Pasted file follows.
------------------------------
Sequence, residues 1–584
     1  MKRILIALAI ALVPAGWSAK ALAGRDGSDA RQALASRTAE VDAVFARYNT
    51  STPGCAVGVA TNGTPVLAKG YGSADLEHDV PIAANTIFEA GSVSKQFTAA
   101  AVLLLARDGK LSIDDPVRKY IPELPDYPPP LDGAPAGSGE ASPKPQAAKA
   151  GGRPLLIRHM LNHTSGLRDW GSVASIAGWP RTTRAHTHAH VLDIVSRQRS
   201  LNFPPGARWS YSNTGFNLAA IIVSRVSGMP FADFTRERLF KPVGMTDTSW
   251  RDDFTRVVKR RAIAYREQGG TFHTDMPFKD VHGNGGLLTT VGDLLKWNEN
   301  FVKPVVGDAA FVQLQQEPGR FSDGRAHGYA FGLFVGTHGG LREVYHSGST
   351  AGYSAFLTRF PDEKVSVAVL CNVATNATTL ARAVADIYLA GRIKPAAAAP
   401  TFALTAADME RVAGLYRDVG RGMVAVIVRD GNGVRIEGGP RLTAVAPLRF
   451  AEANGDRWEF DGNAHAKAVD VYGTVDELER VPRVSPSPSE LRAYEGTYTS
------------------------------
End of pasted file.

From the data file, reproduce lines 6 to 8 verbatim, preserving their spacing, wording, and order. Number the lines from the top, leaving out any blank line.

   201  LNFPPGARWS YSNTGFNLAA IIVSRVSGMP FADFTRERLF KPVGMTDTSW
   251  RDDFTRVVKR RAIAYREQGG TFHTDMPFKD VHGNGGLLTT VGDLLKWNEN
   301  FVKPVVGDAA FVQLQQEPGR FSDGRAHGYA FGLFVGTHGG LREVYHSGST